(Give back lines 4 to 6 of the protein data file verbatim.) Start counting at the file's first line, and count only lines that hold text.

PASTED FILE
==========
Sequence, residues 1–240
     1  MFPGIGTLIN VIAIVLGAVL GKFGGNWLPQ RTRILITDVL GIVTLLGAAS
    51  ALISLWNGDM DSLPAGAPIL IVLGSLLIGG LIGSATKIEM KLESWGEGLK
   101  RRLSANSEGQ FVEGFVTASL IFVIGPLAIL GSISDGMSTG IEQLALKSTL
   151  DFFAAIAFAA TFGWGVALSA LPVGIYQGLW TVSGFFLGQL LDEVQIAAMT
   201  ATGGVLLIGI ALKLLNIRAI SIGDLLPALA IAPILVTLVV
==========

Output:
   101  RRLSANSEGQ FVEGFVTASL IFVIGPLAIL GSISDGMSTG IEQLALKSTL
   151  DFFAAIAFAA TFGWGVALSA LPVGIYQGLW TVSGFFLGQL LDEVQIAAMT
   201  ATGGVLLIGI ALKLLNIRAI SIGDLLPALA IAPILVTLVV